• Short Summary

    Finance Ministers from the "Committee of Twenty" countries of the International Monetary Fund (IMF) have set a ten month deadline for agreement on a new currency system.

  • Description

    GV Jet arrives from Britain

    SV Sign Nairobi airport.

    SV Governor of Bank of England being met by British High Commissioner.

    GV Pan delegates leaving Swiss aircraft PAN TO Austrian Minister of Finance being greeted by Austrian Ambassador to Kenya.

    GV Delegates cross tarmac.

    CU PAN from policeman to delegates entering airport building.

    GV Nairobi hotel.

    SV INT. delegates registering (3 shots)

    GV Kenyatta conference building.

    SV PAN DOWN conference building to policemen at entrance.

    SV Police checking delegates papers and suspect letter.

    CU World Bank insignia.

    SCU Mr. Witteveen speaking

    Mr. Witteveen: "Certainly we cannot expect full agreement on all the very important aspects of reform. I think we will need the coming year in order to approach more and more closely to agreement on important aspects. I think we can hope that at this time, the next annual meeting, there will be agreement on the broad outlines of reform. We can hope that, but of course we're not all sure, but I think it's very important for governments to set themselves to achieve this. Then of course there's still quite a bit of work to be done in order to work this out in detail and incorporate it legally in changes in the outlooking corporation of the Fund. That work can start perhaps in the course of this year, but I expect that more work will have to be done."

    Initials APSM/1615 APSM/1819

    Script is copyright Reuters Limited. All rights reserved

    Background: Finance Ministers from the "Committee of Twenty" countries of the International Monetary Fund (IMF) have set a ten month deadline for agreement on a new currency system.

    At a meeting in Nairobi on Sunday (23 September) on the eve of the annual Ministerial meeting of the I.M.F., the Committee also decided on their next meetings. These will be to hammer out the reforms of the international monetary system that the group of twenty has been charged with drafting.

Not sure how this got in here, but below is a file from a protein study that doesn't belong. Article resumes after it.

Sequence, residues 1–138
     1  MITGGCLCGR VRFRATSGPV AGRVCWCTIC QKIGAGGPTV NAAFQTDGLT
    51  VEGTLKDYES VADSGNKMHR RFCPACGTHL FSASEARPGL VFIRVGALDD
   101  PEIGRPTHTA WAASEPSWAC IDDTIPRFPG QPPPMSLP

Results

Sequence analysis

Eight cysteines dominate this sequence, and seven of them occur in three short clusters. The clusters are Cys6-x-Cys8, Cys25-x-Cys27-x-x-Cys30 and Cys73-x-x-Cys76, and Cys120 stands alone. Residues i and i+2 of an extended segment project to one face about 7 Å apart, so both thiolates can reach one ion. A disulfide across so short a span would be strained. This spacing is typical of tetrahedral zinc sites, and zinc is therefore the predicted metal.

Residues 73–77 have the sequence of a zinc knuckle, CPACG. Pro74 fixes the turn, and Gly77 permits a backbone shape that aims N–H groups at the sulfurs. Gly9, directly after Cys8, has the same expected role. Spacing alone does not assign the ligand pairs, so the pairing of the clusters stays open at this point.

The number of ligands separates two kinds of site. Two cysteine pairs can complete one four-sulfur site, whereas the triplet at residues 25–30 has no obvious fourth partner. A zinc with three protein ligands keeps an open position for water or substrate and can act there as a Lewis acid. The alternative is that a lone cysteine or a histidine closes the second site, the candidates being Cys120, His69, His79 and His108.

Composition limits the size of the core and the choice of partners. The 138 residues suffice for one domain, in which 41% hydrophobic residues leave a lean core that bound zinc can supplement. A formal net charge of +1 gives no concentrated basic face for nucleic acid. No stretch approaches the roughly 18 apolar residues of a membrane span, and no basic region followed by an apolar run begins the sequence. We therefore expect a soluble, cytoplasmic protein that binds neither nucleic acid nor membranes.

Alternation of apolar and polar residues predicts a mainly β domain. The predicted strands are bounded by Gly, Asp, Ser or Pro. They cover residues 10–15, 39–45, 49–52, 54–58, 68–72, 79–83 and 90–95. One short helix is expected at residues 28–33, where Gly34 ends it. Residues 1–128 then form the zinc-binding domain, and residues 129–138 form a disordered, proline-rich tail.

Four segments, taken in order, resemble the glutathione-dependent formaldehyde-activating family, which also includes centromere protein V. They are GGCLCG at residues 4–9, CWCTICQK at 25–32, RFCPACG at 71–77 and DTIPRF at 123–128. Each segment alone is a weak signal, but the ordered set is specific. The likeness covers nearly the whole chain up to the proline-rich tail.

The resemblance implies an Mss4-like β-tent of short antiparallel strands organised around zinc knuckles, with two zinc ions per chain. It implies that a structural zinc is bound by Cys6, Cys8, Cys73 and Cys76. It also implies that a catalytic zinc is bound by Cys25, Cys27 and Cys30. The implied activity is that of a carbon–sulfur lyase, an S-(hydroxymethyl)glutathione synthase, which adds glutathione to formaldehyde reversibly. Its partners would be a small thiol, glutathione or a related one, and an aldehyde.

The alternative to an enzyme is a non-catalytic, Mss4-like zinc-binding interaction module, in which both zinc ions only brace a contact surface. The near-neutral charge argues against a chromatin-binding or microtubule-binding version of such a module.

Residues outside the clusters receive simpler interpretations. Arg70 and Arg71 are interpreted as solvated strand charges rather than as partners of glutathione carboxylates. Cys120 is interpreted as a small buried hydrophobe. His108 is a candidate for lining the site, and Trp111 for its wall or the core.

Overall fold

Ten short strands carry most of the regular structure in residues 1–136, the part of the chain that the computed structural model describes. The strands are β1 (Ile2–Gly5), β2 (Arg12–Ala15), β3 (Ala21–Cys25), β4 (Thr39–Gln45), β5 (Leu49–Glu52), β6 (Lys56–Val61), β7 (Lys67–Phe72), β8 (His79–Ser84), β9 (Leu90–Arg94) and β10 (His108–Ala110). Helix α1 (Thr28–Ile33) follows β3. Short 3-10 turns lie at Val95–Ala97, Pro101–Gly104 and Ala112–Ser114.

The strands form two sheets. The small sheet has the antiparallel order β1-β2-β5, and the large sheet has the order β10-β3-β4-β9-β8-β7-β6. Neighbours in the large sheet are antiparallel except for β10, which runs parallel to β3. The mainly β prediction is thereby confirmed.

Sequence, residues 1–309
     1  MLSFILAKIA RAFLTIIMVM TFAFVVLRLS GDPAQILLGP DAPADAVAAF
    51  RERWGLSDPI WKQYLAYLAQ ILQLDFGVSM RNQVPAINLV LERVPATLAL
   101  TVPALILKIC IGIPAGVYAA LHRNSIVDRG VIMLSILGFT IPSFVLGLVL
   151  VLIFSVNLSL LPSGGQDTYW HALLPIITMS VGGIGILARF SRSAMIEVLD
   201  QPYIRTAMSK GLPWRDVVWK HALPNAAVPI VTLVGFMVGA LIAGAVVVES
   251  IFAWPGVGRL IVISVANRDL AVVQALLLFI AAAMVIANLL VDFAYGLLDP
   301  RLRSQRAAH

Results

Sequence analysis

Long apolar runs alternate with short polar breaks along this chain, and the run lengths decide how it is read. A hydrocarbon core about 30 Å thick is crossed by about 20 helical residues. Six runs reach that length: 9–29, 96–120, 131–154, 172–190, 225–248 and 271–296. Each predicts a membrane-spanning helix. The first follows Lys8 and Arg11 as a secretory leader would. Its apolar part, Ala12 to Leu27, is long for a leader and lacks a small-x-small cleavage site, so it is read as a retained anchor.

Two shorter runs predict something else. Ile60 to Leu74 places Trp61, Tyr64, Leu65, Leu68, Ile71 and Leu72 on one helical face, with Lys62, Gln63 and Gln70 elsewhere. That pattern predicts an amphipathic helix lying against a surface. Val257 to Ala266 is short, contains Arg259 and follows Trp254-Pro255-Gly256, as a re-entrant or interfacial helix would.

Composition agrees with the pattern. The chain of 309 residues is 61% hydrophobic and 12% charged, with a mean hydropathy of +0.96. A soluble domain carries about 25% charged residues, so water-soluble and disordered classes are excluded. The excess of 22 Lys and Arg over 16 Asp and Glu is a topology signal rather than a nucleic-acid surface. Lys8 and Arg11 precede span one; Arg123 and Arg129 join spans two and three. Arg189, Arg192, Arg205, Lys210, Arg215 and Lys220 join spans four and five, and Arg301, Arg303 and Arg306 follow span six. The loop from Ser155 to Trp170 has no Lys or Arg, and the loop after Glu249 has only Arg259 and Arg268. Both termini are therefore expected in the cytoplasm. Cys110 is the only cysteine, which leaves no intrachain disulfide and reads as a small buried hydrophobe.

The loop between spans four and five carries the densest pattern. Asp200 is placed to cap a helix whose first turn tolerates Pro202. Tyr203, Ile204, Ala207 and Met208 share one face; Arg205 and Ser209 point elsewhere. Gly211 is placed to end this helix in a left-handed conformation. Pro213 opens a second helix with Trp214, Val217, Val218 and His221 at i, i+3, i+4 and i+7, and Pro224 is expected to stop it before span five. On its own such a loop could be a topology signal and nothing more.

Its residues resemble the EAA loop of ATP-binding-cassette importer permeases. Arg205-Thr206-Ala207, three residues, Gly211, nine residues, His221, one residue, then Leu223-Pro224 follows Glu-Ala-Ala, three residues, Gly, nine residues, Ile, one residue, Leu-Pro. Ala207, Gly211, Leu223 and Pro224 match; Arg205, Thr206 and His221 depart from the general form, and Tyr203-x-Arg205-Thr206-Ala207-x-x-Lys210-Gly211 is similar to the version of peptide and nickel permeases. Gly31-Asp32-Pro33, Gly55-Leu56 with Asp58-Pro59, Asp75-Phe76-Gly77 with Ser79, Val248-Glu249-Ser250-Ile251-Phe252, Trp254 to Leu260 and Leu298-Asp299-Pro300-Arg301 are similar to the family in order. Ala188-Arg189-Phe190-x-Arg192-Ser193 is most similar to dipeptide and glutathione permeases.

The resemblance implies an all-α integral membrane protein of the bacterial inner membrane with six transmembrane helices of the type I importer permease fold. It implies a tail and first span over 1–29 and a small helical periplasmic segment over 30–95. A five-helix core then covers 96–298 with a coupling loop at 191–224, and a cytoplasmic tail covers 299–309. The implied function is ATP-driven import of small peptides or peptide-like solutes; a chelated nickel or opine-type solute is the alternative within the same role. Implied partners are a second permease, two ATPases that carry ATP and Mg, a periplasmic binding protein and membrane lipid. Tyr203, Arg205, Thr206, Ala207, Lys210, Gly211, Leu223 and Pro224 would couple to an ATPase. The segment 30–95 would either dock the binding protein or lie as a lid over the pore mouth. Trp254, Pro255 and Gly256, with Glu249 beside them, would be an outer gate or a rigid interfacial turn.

The 126 member states of the I.M.F. which began a week-long conference in Nairobi on Monday, are deeply concerned about the chaos that has beset international finance in recent years. Delegates arriving in Nairobi on Saturday (22 September) said they were doubtful whether any substantive headway will be made in the talks, but the conference should serve as a useful way station in the continuing negotiations.

    The managing director of the I.M.F., Mr. Johannes Witteveen, forecast at a press conference on Saturday (22 September) that it should be possible to reach agreement on a broad outline of international monetary reform within the next 12 months. Mr. Witteveen is a former Finance Minister of the Netherlands.

    SYNOPSIS: Finance Ministers and world finance experts have gathered in Nairobi for the week-long conference of the International Monetary Fund which opens on Monday.

    Among the delegates was the Governor of the Bank of England. 126 countries are members of the I.M.F. and 20 of these have been charged with drafting reforms to the international monetary system.

    At a meeting on Sunday, the Committee of Twenty set itself a ten month deadline for full agreement on a new currency system.

    The Twenty agree there is little prospect of further substantive progress at the I.M.F. meeting, which is the second since the Smithsonian agreement of 1971. The leading Finance Ministers vowed then to forge a new currency system.

    The conference is the first the I.M.F has held in Africa and highlights the growing influence the developing countries exert on international monetary matters. A committee of developing nations - the group of 24 - was formed last year to put forward their views on monetary problems.

    The chaos in the world's money markets in recent years has been an overriding concern of the IMF and the delegates will again be devoting much of their attention to finding 4 permanent solution.

    Security is always a problem at such gatherings and the possibility of letter bombs is being kept in mind by the Kenyan authorities.

    The Managing Director of the I.M.F. Mr. Johannes Witteveen forecast at a press conference that agreement on reform was in sight.

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